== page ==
Tory MPs urge Rishi Sunak to put petrol ban on hold or lose next election

Prime Minister Rishi Sunak

Prime Minister Rishi Sunak (Image: Getty)

Support for a ban on new petrol and diesel cars has plummeted as Tory MPs urge Rishi Sunak to ditch the policy and go for broke on energy.

Polling found 35 per cent oppose the Government’s plans to ban the sale of new petrol and diesel cars by 2030, with just 31 per cent supporting the policy.

It’s a major shift in opinion from two years ago, when a survey found 44 per cent supported the ban, and suggests motorists are becoming more concerned as the deadline nears.

The issue of energy and the use of fossil fuels is likely to become a key battleground in the next general election. A rare Tory by-election win in Uxbridge and South Ruislip – Boris Johnson’s old seat – was put down to opposition to Labour Mayor Sadiq Khan’s crackdown on polluting cars.

Polling from Redfield and Wilton Strategies showed that half the country fear being unable to pay their energy bills this year.

It also found strong backing for the Prime Minister’s decision to expand North Sea oil and gas.

READ MORE: Petrol and diesel owners ‘furious’ with new changes branded ‘tax on the poor’

At present, the Government is sticking with plans to ban the sale of new petrol and diesel cars by 2030.

But a number of Tory MPs want Mr Sunak to ditch opposition to traditional combustion engine vehicles, with one describing the policy as “quasi-religious”.

One former Cabinet minister said: “When it all seemed a long time away it was easy to support. Suddenly people are realising a new electric car will be 50 per cent more expensive, possibly more expensive to run, and they are asking why they want to do that.”

Business Secretary Kemi Badenoch has privately raised concerns about proposals to introduce the early stages of the policy as soon as next year.

A Government consultation set out plans to ensure 22 per cent of all new cars and vans are “zero emission” in 2024, and to fine manufacturers £15,000 per car and £18,000 per van for each petrol and diesel vehicle over the target.

Ms Badenoch has told the Cabinet that carmakers such as Honda, Toyota and Ford are warning they will be unable to comply. The car industry employs 780,000 people across the country.

Honda, Ford and Toyota may not be able to comply

Honda, Ford and Toyota may not be able to comply with the petrol ban (Image: Getty)

Former Conservative leader Iain Duncan Smith is warning that the shift to electric vehicles poses a security risk, as China largely controls the supply of minerals such as nickel, copper, lithium, and cobalt which are used in the vehicles.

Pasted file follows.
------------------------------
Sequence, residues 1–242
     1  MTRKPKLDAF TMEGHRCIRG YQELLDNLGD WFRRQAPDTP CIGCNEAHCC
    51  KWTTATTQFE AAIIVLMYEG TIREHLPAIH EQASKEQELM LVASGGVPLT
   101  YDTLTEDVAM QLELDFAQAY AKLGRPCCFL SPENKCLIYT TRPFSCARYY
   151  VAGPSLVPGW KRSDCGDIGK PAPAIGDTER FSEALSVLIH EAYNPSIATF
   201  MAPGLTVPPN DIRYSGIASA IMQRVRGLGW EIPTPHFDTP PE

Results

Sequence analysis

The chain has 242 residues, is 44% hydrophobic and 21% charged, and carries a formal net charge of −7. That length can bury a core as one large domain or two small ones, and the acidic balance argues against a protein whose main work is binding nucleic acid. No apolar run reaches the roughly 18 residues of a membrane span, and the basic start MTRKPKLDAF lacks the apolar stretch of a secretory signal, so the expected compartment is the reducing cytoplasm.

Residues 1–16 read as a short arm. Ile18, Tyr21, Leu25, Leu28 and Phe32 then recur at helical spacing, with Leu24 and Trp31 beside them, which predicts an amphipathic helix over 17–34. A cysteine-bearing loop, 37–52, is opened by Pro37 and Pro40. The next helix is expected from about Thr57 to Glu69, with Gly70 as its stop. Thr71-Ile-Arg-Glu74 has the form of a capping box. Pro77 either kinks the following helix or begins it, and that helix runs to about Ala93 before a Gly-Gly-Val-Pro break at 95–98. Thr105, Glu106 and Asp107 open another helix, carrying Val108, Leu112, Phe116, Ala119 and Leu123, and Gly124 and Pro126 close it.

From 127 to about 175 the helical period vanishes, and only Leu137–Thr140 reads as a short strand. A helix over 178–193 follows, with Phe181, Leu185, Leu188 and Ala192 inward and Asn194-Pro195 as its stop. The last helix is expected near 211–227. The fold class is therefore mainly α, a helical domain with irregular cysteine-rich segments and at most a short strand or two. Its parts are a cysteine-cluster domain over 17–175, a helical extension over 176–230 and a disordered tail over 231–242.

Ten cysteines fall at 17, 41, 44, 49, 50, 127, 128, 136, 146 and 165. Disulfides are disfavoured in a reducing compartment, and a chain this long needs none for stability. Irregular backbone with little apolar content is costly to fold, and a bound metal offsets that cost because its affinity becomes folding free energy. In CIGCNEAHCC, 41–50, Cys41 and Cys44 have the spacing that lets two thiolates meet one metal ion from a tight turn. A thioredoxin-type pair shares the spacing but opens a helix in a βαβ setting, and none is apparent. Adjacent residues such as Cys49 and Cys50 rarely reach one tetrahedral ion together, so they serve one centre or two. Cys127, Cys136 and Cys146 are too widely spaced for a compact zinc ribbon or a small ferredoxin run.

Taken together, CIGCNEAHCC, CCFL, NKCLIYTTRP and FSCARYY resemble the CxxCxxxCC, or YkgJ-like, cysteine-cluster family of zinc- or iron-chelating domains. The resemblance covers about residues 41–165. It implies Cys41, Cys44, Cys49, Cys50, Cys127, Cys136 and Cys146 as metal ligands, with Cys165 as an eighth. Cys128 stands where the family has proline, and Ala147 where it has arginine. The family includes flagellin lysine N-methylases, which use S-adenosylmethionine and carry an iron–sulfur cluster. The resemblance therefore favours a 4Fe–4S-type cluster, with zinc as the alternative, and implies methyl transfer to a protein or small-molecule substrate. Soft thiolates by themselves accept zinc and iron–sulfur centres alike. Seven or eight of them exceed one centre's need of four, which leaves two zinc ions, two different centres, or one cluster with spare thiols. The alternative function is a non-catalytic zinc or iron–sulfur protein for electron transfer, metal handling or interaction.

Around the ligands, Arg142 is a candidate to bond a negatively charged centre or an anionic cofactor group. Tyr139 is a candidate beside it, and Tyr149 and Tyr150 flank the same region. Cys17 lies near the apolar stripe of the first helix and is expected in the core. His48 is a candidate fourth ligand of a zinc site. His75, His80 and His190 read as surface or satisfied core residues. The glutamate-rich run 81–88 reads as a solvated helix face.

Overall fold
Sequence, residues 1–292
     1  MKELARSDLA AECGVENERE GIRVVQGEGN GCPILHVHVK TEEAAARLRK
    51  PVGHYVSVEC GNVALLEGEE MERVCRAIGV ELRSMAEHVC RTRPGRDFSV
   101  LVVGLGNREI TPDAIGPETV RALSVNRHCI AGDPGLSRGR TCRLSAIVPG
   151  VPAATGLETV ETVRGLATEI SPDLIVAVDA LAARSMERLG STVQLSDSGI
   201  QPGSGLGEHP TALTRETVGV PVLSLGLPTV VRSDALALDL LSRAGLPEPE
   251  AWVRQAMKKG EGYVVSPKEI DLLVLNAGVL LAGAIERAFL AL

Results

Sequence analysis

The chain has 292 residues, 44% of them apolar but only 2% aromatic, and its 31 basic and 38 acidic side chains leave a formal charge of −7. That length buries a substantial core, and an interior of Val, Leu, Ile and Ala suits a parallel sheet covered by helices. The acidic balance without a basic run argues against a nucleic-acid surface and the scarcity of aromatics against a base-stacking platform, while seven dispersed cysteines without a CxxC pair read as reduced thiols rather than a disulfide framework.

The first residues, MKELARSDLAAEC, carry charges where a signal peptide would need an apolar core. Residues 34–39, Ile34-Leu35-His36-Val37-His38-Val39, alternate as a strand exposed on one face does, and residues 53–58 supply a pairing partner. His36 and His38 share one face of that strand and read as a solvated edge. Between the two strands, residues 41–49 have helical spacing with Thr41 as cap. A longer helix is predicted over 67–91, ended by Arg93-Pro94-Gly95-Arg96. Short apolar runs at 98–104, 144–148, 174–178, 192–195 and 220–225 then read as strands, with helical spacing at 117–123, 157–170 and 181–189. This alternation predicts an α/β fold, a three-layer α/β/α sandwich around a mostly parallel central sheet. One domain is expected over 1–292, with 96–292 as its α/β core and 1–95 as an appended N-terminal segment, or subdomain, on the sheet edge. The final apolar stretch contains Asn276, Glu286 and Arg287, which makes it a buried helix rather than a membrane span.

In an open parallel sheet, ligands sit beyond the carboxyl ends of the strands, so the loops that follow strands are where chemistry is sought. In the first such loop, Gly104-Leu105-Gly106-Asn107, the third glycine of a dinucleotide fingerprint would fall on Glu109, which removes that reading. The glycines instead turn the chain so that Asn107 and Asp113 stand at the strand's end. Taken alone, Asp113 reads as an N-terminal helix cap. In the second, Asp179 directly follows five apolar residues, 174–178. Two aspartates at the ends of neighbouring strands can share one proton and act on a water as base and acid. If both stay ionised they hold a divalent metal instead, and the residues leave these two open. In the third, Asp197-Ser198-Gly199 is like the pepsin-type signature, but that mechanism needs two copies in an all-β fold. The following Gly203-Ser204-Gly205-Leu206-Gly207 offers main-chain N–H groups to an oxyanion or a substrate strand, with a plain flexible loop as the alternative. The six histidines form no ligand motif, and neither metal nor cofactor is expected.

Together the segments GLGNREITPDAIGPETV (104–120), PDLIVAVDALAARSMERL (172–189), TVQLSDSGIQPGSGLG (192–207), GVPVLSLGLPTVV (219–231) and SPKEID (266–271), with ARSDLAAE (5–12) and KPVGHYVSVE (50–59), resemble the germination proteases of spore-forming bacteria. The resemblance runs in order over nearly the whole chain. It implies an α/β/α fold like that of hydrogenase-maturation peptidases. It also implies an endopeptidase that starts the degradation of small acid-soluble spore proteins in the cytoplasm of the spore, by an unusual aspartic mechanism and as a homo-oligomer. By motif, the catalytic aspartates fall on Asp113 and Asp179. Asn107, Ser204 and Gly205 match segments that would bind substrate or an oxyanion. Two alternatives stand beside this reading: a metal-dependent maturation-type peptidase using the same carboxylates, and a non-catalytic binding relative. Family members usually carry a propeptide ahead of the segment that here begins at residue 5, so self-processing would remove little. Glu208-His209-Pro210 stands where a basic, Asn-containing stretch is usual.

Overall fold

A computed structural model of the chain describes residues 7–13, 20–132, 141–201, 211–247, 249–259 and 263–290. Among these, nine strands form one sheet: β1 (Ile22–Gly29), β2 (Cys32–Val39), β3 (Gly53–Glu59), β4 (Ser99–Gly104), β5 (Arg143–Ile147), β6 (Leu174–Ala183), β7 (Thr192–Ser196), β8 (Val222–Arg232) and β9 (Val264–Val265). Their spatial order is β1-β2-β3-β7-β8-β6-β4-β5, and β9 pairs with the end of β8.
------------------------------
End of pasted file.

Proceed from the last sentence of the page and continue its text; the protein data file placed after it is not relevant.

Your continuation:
There is also concern about the need for new infrastructure such as overhead cables and pylons to meet the huge increase in demand for electricity caused partly by electric vehicles.

A report commissioned by the Department for Energy Security and Net Zero last week said the Government should spend up to £20 million a year on advertising campaigns to explain why new infrastructure was essential. It warned: “The visual impact of new infrastructure on communities can often lead to local opposition to projects.”

A number of Conservative backbenchers are pushing the Government to rethink the ban on electric cars.

One Conservative MP said: “My constituents are grounded in common sense and do not agree with the quasi-religious approach to electrification and eco policies.

“Everybody can agree to a greener planet and have pragmatic targets – but they want to see a transition that does not penalise those who can least afford these changes, and they want to make sure that all alternatives are being explored.”

Business Secretary Kemi Badenoch recommends a hold

Business Secretary Kemi Badenoch recommends a hold on petrol ban (Image: Getty)

Insiders say Mr Sunak is “cautious” about green issues when compared to former Prime Minister Boris Johnson, who was far more enthusiastic.

A Conservative MP said: “I think the Government is moving in the right direction, and this is the route to electoral success.